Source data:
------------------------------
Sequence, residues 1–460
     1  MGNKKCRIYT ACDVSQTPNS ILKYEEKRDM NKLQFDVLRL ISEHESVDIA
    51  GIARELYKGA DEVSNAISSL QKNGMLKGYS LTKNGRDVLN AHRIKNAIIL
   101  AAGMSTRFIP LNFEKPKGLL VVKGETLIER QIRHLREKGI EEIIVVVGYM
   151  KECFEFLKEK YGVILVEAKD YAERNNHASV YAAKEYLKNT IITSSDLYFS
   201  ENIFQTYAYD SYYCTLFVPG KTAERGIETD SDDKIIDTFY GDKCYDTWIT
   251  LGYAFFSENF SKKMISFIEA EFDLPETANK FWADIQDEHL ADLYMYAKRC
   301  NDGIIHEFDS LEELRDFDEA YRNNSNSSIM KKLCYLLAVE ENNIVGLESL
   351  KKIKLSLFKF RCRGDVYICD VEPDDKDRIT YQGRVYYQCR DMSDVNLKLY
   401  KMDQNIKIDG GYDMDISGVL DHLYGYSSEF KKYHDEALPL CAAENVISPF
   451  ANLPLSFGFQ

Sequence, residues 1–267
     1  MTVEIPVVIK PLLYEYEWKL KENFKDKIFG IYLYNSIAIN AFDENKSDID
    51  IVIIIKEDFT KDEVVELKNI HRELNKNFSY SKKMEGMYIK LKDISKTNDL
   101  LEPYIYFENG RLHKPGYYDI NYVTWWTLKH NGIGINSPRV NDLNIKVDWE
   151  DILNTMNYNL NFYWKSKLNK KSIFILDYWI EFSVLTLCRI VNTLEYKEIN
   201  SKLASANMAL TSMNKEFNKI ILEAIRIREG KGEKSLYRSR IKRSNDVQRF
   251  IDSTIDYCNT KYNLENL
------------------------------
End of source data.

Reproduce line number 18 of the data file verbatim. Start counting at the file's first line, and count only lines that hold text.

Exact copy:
   251  IDSTIDYCNT KYNLENL